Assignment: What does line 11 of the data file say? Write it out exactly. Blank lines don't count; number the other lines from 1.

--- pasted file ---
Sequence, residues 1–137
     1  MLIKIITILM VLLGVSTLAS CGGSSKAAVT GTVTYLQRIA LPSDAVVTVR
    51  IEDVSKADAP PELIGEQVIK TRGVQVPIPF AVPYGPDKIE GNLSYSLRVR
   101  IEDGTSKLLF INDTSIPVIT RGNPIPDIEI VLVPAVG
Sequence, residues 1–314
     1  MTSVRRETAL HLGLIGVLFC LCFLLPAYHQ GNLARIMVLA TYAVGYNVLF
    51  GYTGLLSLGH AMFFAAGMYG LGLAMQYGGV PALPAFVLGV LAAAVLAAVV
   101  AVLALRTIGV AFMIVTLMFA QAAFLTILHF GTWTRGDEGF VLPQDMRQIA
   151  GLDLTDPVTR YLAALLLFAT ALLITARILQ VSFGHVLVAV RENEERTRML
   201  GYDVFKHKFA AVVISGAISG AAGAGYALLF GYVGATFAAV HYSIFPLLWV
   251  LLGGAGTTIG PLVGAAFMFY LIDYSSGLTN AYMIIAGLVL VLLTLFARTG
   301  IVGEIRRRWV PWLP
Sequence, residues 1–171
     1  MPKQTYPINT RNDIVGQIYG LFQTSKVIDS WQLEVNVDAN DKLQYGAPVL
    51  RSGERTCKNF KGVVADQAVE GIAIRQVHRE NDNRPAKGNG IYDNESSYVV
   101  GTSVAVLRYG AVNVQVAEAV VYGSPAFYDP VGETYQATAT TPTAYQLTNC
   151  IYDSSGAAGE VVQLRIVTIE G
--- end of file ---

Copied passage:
   251  LLGGAGTTIG PLVGAAFMFY LIDYSSGLTN AYMIIAGLVL VLLTLFARTG